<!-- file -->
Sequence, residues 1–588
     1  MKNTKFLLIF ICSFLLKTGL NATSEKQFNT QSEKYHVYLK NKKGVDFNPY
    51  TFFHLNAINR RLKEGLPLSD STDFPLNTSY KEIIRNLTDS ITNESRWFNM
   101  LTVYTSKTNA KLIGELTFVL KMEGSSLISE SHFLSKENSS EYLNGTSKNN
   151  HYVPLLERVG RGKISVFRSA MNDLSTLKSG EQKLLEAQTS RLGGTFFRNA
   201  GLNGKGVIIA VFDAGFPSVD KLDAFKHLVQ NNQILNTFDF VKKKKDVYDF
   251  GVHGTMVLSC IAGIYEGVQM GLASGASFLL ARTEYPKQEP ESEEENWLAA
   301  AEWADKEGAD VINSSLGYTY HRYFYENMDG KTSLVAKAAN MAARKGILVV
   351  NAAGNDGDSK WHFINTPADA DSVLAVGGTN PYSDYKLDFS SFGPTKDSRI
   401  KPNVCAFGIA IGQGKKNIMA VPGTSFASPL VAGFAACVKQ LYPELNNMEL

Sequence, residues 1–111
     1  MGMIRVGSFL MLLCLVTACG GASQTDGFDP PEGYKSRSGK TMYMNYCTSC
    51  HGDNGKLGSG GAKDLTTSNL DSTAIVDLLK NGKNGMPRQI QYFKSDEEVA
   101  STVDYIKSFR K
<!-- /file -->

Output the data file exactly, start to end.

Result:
Sequence, residues 1–588
     1  MKNTKFLLIF ICSFLLKTGL NATSEKQFNT QSEKYHVYLK NKKGVDFNPY
    51  TFFHLNAINR RLKEGLPLSD STDFPLNTSY KEIIRNLTDS ITNESRWFNM
   101  LTVYTSKTNA KLIGELTFVL KMEGSSLISE SHFLSKENSS EYLNGTSKNN
   151  HYVPLLERVG RGKISVFRSA MNDLSTLKSG EQKLLEAQTS RLGGTFFRNA
   201  GLNGKGVIIA VFDAGFPSVD KLDAFKHLVQ NNQILNTFDF VKKKKDVYDF
   251  GVHGTMVLSC IAGIYEGVQM GLASGASFLL ARTEYPKQEP ESEEENWLAA
   301  AEWADKEGAD VINSSLGYTY HRYFYENMDG KTSLVAKAAN MAARKGILVV
   351  NAAGNDGDSK WHFINTPADA DSVLAVGGTN PYSDYKLDFS SFGPTKDSRI
   401  KPNVCAFGIA IGQGKKNIMA VPGTSFASPL VAGFAACVKQ LYPELNNMEL

Sequence, residues 1–111
     1  MGMIRVGSFL MLLCLVTACG GASQTDGFDP PEGYKSRSGK TMYMNYCTSC
    51  HGDNGKLGSG GAKDLTTSNL DSTAIVDLLK NGKNGMPRQI QYFKSDEEVA
   101  STVDYIKSFR K